ALTHOUGH largely unheeded in the shadow of COVID-19 and the 2020 election, two simultaneous efforts to resolve New Hampshire’s longstanding school funding and property tax inequities have moved forward during the spring and summer. Both will reach crucial turning points in the coming weeks.
More specifically, the constitutionality of the current school funding system may soon be decided by the New Hampshire Supreme Court, while, after months of research and discussion, the Commission to Study School Funding is preparing its recommendations for long-term reform of the current funding formula and the property taxes used to pay for it.
In March 2019, the Contoocook Valley School District (ConVal) and three other nearby districts filed suit challenging the constitutionality of the state’s school funding formula, which provides a base annual grant of $3,709 per student, even though the actual costs school districts incur average $16,000 per student. Because the state fails to meet its funding obligations, local taxpayers must make up the difference, at disproportionate tax rates that violate the state constitution. In June 2019, a superior court decision held that the current funding formula was irrational and unconstitutional and it directed the Legislature to fix it. The state appealed that ruling and the case was argued before the state Supreme Court late last week.
As the result of extensive and genuine grassroots pressure, the Legislature last year created an independent commission to study the school funding system and recommend long-term solutions that would create a more equitable and realistic funding formula. The commission is slated to issue its recommendations for further legislation by December 1, about the same time as we might expect a ruling from the Supreme Court in the ConVal case.
To inform its deliberations, the commission hired a national research firm, the American Institutes for Research (AIR), which recently provided a draft report. The report’s first key finding bluntly summarized the present system’s disparate impact:
“The state’s current system is inequitable from both student and taxpayer perspectives. The districts serving the highest proportion of students who are economically disadvantaged spend less, on average, compared with districts serving the fewest such students. Moreover, the districts with the least property wealth per student impose the highest local education tax rates to be able to fund their children’s education.”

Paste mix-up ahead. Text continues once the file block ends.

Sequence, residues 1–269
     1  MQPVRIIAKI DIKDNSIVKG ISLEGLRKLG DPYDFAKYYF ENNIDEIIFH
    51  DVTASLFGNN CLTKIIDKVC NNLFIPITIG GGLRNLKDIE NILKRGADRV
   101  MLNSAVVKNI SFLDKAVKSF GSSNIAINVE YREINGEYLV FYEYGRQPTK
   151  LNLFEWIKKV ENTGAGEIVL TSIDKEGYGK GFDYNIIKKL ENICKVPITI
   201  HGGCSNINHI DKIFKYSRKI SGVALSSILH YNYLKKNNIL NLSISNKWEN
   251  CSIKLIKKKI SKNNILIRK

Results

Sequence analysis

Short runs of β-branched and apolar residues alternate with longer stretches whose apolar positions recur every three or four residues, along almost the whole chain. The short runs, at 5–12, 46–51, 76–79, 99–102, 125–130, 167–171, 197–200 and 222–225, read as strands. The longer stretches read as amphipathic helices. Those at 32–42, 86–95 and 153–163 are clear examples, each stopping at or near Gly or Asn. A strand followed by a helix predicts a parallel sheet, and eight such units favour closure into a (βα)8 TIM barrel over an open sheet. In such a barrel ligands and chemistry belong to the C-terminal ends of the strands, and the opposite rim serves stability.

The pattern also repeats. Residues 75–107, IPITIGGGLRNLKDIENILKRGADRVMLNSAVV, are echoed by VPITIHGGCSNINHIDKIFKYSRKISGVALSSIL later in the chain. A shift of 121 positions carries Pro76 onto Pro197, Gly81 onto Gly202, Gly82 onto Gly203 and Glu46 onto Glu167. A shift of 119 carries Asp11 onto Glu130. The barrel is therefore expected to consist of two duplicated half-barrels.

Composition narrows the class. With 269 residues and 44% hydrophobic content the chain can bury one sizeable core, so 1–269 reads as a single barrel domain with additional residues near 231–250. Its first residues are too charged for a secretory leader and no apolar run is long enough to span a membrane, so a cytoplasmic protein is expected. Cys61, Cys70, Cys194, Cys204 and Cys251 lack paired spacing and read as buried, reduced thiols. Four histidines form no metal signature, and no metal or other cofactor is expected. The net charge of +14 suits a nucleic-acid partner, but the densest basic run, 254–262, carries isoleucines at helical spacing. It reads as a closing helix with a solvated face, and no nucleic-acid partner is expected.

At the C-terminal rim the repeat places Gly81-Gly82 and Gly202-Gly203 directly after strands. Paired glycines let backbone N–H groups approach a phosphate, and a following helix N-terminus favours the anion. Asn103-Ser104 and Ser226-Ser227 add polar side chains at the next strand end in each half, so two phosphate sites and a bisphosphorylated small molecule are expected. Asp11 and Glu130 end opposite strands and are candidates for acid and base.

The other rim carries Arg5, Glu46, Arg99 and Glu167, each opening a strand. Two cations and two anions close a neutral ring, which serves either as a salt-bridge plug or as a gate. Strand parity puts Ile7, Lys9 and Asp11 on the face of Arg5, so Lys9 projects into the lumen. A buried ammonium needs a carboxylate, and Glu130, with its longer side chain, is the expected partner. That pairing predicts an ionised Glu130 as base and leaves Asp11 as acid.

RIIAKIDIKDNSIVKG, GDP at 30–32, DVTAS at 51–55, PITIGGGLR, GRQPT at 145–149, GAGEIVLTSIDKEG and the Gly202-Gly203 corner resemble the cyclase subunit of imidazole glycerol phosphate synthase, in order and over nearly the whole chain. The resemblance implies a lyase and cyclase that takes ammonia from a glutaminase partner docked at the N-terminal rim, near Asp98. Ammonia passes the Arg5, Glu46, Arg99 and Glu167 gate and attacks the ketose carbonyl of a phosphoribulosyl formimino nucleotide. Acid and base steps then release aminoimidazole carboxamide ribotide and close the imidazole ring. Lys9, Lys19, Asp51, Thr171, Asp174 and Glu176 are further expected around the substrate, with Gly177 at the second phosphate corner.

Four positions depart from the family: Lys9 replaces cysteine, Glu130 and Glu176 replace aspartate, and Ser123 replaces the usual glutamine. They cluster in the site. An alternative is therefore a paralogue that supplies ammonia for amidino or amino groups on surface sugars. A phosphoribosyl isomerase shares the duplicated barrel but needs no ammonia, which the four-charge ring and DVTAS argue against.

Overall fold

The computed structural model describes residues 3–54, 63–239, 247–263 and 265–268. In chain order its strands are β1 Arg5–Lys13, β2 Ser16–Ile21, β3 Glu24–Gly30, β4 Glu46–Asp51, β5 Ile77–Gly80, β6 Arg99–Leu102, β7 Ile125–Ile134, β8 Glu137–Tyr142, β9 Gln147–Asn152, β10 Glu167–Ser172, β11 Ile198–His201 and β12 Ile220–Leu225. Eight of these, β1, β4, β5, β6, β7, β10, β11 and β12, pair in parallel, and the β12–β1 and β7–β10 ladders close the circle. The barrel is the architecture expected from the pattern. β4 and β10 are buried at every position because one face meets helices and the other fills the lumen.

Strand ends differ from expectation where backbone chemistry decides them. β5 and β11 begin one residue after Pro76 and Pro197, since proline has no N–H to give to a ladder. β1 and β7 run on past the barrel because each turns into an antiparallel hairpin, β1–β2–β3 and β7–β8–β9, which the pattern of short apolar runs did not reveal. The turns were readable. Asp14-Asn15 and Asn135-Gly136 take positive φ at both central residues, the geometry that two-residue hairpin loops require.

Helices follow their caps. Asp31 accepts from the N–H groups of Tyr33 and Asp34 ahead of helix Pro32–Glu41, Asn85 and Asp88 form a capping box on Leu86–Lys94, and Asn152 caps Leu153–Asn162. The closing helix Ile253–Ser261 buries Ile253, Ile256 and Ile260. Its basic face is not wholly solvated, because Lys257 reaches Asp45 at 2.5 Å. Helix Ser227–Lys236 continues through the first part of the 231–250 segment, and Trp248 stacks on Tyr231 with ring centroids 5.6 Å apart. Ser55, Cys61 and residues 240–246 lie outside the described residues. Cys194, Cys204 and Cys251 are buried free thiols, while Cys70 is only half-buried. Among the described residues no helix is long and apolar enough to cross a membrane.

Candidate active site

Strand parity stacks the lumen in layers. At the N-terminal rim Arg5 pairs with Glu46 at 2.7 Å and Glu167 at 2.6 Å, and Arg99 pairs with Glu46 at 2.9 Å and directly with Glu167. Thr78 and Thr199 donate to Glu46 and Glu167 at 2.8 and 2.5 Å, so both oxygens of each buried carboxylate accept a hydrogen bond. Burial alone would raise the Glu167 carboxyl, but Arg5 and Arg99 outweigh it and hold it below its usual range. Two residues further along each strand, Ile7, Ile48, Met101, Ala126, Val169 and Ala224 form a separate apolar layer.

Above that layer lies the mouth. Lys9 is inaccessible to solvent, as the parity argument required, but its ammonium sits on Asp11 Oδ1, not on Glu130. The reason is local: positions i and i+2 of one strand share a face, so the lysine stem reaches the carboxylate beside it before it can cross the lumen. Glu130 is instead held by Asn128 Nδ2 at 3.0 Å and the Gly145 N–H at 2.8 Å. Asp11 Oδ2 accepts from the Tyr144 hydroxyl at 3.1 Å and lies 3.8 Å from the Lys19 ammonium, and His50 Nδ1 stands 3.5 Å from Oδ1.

The draft report also compared educational outcomes across districts. AIR found that districts with higher percentages of economically disadvantaged students, students in special education, and students who are English-language learners (ELs) also perform worse, on average, compared with districts with fewer of these students. As a result, the report concluded that districts serving such students require more spending per student to achieve a common desired level of student outcomes.
The rest of AIR’s report tackles two questions that flow from this data: how to construct a funding formula that addresses the differing needs of school districts and how to fulfill the state’s obligation to pay for this funding.
The report proposes a new focus for the funding formula, based on measurable student outcomes. Because our state’s average test scores are higher than those in many other states, the researchers determined that achieving an average test score is a valid indicator for the delivery of the opportunity for a constitutionally-adequate education to every student.
In prior cases, the Supreme Court has said that the state had a duty to pay for the cost of “adequacy” in every district, while explicitly recognizing that this might mean different levels of funding from district to district, depending on each district’s needs. The draft report’s proposed formula would meet the state’s core obligation to fund a constitutionally-adequate education to all students wherever they live, while targeting extra aid where it is needed.
The report suggests that the state could more equitably fund education through a statewide property tax that pools revenue centrally and distributes it according to the formula. Through this funding scheme, districts with lower capacity to raise revenue would receive more funds from the state, thereby adjusting for disparities in local capacity. The commission has discussed at length the need for enhanced state-funded property tax relief for low-income homeowners, but has not yet adopted any specific approach to achieve this goal.
With a Supreme Court decision and a final commission report coming soon, the public debate about school funding and the next Legislature’s responsibilities will likely become clearer and more intense. In the meantime, as the election nears, we have the opportunity to ask legislative and gubernatorial candidates where they stand on this issue and to urge them to finally resolve this problem fairly and comprehensively.
John Tobin is board chair of the N.H. School Funding Fairness Project, which is sponsoring five candidate forums in the next month on the issue of school funding and property taxes. To learn more visit fairfunding nh.org. Tobin lives in Concord.